In an effort to tackle the larger question of opportunity beyond teaching, an effort must be made to train interpreters.  This would allow for students to integrate into high school and university should they choose, as well as providing access to opportunities in hearing world unavailable at the present time.    

Despite the broad and challenging picture of the long term needs of Afghanistan’s deaf community, taking the first step is actually very simple.   Literacy, schools, teacher training, all working to grow in tandem to the benefit of all.  In the specific case of the ANAD, and its school of 250 children, its a simple  matter of funding.  They need to build a sustainable school that can house a larger school for more children and space for a teacher training program.   As teachers become trained, model schools can open in the key cities of Afghanistan; Mazar i Sharif, Herat, Bamiyan, and hopefully in the south should security allow.  Each school educating the deaf children, as well as their families and communities.  

Parween, is one of Afghanistan’s biggest advocates for the deaf.  A petite woman, usually wearing a lavender headscarf, with a warm smile, Parween is an amazing woman who works full time with UNESCO and still finds time to play a key role in advocating for and guiding the ANAD and its school forward.  She passionately guided me around on my first ever visit, acting as interpreter, and explaining long term vision of the ANAD and the deaf community as a whole.  This visit she reprised her role as interpreter, taking time away from her family to meet with me after work to brainstorm solutions and where Mountain to Mountain could facilitate ANAD’s desire for a sustainable program for deaf education.   I even received the honor of getting my own sign…a sign that represents my name to speed things along when we are all talking.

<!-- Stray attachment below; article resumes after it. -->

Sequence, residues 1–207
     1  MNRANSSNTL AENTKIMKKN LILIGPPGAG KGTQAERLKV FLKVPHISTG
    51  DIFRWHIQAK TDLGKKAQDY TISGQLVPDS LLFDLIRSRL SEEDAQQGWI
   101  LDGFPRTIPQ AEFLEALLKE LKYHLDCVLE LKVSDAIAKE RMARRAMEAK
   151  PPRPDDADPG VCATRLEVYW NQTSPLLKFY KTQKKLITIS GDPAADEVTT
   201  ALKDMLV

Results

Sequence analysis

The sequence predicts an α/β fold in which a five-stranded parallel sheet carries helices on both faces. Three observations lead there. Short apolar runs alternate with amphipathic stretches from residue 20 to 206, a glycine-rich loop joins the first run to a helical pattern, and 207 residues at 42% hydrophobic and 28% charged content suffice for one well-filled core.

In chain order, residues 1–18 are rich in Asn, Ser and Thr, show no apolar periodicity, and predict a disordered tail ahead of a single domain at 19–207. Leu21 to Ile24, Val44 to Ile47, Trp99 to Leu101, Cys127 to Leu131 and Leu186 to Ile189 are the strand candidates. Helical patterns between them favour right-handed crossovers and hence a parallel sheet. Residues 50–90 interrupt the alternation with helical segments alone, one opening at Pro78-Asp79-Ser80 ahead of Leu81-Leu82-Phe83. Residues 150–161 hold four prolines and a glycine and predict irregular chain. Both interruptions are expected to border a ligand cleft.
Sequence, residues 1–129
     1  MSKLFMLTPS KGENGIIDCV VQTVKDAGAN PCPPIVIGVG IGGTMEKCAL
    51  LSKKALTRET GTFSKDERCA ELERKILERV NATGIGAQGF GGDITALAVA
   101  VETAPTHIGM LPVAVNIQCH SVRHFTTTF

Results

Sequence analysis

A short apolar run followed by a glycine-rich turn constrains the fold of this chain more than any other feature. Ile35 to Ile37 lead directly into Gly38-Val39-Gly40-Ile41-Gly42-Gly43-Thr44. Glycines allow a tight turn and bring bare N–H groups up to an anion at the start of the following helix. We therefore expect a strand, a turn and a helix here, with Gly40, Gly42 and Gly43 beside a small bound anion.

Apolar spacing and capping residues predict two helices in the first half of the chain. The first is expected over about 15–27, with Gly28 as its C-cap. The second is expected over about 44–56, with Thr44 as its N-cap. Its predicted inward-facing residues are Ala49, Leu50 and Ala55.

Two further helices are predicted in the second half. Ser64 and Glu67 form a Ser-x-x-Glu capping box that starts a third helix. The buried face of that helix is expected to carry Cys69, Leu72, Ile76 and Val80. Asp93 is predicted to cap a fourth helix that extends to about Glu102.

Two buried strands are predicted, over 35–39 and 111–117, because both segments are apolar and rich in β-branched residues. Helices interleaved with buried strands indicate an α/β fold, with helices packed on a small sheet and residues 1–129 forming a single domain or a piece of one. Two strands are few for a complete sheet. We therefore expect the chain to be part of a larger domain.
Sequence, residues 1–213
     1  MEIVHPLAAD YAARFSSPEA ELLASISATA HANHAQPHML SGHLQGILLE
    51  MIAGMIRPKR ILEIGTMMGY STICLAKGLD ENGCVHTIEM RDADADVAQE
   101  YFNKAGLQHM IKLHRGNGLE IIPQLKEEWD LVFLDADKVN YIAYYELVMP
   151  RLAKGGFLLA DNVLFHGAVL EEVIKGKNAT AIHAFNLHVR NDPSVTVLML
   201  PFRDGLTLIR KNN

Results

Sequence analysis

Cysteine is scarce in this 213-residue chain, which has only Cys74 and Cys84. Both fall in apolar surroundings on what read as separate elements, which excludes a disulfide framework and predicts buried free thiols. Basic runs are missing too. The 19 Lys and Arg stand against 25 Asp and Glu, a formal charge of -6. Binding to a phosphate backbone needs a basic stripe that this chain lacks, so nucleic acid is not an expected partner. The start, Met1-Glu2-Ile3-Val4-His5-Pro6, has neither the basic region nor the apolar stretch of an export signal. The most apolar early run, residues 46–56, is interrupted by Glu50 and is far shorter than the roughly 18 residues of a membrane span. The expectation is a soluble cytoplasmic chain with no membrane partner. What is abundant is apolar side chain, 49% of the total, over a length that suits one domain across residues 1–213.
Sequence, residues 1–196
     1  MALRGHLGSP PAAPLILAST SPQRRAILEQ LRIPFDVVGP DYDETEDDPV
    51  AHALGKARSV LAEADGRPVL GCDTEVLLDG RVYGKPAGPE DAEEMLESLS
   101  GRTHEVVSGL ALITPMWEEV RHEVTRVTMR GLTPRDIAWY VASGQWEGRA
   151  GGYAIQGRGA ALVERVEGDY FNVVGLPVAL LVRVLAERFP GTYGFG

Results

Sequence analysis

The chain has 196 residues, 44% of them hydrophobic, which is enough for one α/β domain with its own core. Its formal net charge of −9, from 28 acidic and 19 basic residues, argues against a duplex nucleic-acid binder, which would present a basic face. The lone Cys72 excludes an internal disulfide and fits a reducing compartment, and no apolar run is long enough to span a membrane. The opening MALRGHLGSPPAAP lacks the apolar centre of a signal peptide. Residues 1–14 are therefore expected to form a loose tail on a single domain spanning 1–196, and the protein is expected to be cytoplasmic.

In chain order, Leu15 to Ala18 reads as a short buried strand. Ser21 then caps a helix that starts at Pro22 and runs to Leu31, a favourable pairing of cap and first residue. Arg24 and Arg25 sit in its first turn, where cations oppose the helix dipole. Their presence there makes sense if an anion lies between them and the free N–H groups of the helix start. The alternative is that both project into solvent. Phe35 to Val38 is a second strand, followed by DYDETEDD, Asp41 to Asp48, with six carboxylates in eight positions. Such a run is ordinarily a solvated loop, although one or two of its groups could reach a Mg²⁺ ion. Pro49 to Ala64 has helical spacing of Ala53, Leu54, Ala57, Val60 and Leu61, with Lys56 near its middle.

As ANAD, Parween and Mountain to Mountain brainstorm and make plans, it is our hope that the hearing impaired community in our own country will come to embrace Afghanistan’s, and work as a role model for what the deaf community can hope to achieve in the future.

 

photo by Di Zinno